Lady Gaga Seeks Dismissal of Woman’s Lawsuit over Reward for Return of Dogs – That the Woman Helped Steal

If someone stole from a famous celebrity, most people wouldn’t try to sue that celebrity for reward money. Nevertheless, Jennifer McBridge is simply determined to victimize Stefani Joanne Angelina Germanotta – also known as Lady Gaga – twice.

On February 26, 2021, Lady Gaga’s dog walker Ryan Fischer was shot in the chest and beaten by three assailants during the robbery, but survived. Two of Lady Gaga’s dogs were stolen during the robbery. Lady Gaga made a tweet stating that she would pay $500,000 for the safe return of her stolen dogs – “no questions asked.” That same day, Jennifer McBridge returned her dogs to the Los Angeles Police Department.

At the time, McBridge presented herself as a “good Samaritan” who happened upon the dogs by chance. However, McBridge was soon arrested as part of a conspiracy to steal the dogs. McBridge’s accomplices had shot Fischer and stolen the dogs while McBridge was supposed to sell them for profit. Fischer’s accomplices plead guilty to attempted murder while McBridge was convicted of knowingly receiving stolen property.

In February 2023, McBridge filed this lawsuit against Lady Gaga for breach of contract, fraud by false promise, and fraud by misrepresentation for failing to pay her the award. Gaga’s attorneys responded by seeking a dismissal of the lawsuit.

Did a Contract Exist Between Lady Gaga and McBridge?

Contracts are agreements between two parties where the parties agree to an exchange of goods or services. One of the key elements to a contract is that there must be “mutual assent” between the parties – that is both parties must agree to the contract. Lady Gaga asserts that McBridge disclaimed any intention of accepting reward money when she initially returned the dogs to LAPD.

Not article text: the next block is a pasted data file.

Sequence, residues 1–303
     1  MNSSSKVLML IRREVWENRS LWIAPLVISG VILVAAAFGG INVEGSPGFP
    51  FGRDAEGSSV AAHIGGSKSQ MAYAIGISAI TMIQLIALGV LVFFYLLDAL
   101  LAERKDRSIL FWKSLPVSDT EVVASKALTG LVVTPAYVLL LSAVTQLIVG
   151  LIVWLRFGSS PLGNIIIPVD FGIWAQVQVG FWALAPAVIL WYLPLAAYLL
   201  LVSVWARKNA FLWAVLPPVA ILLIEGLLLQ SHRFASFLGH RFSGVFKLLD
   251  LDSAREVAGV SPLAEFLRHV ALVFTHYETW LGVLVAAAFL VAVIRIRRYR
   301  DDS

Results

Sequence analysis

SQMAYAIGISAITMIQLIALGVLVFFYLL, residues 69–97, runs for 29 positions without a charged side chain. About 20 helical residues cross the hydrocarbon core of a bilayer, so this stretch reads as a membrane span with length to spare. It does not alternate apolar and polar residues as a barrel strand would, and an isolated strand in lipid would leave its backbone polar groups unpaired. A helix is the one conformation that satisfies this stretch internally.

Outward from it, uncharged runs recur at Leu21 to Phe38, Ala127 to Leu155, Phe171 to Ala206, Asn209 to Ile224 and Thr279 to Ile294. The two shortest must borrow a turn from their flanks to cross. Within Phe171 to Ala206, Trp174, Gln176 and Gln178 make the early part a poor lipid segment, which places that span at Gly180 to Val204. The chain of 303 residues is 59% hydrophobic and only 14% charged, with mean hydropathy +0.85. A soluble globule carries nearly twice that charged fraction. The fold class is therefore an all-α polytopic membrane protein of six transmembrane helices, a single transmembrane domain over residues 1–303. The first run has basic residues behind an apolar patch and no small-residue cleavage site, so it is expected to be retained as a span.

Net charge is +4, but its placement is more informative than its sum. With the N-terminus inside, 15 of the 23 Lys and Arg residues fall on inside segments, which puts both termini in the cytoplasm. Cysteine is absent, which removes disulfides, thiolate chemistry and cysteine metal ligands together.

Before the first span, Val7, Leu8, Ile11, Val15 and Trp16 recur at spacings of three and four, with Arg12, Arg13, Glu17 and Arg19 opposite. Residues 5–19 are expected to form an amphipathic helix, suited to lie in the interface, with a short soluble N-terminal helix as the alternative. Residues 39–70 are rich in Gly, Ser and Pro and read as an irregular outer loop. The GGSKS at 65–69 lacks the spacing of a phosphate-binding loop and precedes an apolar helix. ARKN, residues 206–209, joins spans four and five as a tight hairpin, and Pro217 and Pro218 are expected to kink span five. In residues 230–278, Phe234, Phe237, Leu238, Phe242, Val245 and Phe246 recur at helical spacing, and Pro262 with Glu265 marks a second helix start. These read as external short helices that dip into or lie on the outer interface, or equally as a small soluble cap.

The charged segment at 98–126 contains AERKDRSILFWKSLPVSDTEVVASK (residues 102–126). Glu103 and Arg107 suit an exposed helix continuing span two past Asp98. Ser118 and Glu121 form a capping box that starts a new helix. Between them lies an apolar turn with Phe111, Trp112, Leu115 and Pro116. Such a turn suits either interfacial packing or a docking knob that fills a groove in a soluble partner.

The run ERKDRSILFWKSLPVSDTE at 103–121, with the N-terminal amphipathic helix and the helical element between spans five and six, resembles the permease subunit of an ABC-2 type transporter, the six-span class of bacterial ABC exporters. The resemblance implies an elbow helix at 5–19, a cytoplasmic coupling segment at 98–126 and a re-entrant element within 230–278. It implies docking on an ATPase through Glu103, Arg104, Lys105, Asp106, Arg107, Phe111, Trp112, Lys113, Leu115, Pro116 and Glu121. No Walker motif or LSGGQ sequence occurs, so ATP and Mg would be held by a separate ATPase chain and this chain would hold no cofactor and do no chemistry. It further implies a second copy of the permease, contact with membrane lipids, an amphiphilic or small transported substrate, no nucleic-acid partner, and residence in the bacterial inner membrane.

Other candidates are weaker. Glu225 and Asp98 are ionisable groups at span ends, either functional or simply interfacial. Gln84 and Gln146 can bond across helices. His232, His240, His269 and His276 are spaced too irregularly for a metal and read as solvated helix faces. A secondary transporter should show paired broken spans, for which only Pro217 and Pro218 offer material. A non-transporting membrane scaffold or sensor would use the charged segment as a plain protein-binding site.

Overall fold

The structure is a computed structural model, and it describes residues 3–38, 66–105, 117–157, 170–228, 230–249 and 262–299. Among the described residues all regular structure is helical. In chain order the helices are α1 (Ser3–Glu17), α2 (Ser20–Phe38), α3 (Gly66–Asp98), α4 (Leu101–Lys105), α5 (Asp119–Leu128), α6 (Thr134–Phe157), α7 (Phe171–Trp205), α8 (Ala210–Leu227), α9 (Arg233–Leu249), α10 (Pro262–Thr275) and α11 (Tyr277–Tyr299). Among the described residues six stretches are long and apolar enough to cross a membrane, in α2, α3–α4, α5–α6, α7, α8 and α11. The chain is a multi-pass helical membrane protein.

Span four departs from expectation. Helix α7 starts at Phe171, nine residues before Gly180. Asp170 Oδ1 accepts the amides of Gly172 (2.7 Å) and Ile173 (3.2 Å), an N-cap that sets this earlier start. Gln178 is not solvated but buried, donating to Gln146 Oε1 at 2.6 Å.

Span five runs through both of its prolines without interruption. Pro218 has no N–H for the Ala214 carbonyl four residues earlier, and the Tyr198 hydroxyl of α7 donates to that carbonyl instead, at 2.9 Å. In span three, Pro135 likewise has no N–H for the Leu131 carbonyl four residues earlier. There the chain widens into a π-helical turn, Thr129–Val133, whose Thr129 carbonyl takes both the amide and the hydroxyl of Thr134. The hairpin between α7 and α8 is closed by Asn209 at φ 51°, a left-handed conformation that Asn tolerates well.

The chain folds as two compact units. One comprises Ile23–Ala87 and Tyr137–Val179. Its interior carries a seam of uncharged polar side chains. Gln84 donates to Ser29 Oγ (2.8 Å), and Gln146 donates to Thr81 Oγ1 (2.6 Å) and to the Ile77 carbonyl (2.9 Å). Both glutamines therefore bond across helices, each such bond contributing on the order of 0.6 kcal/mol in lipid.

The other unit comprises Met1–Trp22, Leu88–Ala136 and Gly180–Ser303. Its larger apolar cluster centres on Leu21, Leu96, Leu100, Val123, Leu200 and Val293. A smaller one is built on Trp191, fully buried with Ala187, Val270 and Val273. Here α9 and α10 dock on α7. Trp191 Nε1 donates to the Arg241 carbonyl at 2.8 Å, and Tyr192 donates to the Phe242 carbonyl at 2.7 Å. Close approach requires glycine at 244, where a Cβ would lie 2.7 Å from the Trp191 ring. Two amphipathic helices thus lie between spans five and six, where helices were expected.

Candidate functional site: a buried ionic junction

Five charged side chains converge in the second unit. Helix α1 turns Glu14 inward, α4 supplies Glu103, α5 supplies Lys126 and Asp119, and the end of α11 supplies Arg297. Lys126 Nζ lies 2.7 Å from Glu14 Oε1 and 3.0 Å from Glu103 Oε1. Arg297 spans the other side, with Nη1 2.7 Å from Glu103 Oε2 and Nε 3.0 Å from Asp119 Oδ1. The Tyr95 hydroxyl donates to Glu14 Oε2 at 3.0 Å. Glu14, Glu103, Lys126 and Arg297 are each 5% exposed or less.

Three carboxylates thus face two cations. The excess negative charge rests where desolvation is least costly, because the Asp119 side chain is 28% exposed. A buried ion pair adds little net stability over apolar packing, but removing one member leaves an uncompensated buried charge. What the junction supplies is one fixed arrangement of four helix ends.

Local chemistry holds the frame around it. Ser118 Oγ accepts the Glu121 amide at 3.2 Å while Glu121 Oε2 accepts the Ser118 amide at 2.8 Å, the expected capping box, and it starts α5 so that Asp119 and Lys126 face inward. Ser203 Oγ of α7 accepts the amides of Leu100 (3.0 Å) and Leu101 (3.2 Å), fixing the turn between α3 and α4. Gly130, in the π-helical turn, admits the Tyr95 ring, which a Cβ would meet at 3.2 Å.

However, McBridge arguably did intend to collect on the reward money since she was part of the conspiracy that wanted to steal the dogs for profit in the first place. Although McBridge did not know who owned the dogs at the time, she realized that she could obtain $500k once she realized that Lady Gaga was offering a reward for it.

Would Such a Contract Be Enforceable?

The biggest problem with McBridge’s case, and the issue that will likely seek her case with any jury, is that McBridge was an active participant in the plan to steal the dogs in the first place. McBridge comes into this case with “unclean hands” – she has been convicted of being part of the conspiracy – and the law will not allow a criminal to profit from the crime. McBridge’s position would allow a kidnapper to sue the family of a hostage if the family refused to pay the ransom. Allowing McBridge to prevail in this case would only serve to promote more crime, including theft and attempted murder.

McBridge may argue that Lady Gaga had said she would pay the award with “no questions asked.” However, public policy will override any contract formed even if such a contract were considered valid.

Pre-Evidence Hearing

This lawsuit is only in its infancy as it was filled earlier this year. The biggest hurdle Lady Gaga faces with her move to dismiss this case is that it was filed before any evidence can be used. Lady Gaga’s attorneys filed a “demurrer” which is the first opportunity that a defense attorney can dismiss a lawsuit, but it is also the most difficult one.

In a demurrer, all allegations in the lawsuit are assumed to be true and no evidence is admissible except for ones that the court can accept at this early stage. A demurrer can only be filed before parties begin discovering new evidence. This means that everyone must assume that McBridge’s version of events is true – that she happened upon the dogs by chance and that Lady Gaga had offered to pay a reward with no questions asked.

A criminal conviction is arguably within the court’s ability to consider since the conviction comes from another court. Most trial judges would want to give a Plaintiff a chance to amend or fix their lawsuits of any defect. This lawsuit will eventually fail since most judges and jurists will not want to reward a Plaintiff for stealing property and nearly getting another man killed. However, this lawsuit should be still-born in its inception since McBridge cannot be allowed to profit from the crime she helped commit.

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